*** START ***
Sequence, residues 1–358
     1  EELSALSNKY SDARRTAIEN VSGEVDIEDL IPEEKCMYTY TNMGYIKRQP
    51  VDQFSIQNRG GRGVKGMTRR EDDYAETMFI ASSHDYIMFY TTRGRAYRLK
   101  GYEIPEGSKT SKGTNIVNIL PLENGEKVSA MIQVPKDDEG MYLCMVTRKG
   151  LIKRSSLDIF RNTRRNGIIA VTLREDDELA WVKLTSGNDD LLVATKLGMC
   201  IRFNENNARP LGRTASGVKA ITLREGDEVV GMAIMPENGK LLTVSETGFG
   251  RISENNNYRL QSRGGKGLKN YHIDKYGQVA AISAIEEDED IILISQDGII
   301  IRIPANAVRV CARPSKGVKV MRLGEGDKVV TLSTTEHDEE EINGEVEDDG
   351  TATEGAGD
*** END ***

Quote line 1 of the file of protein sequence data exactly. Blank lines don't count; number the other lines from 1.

Sequence, residues 1–358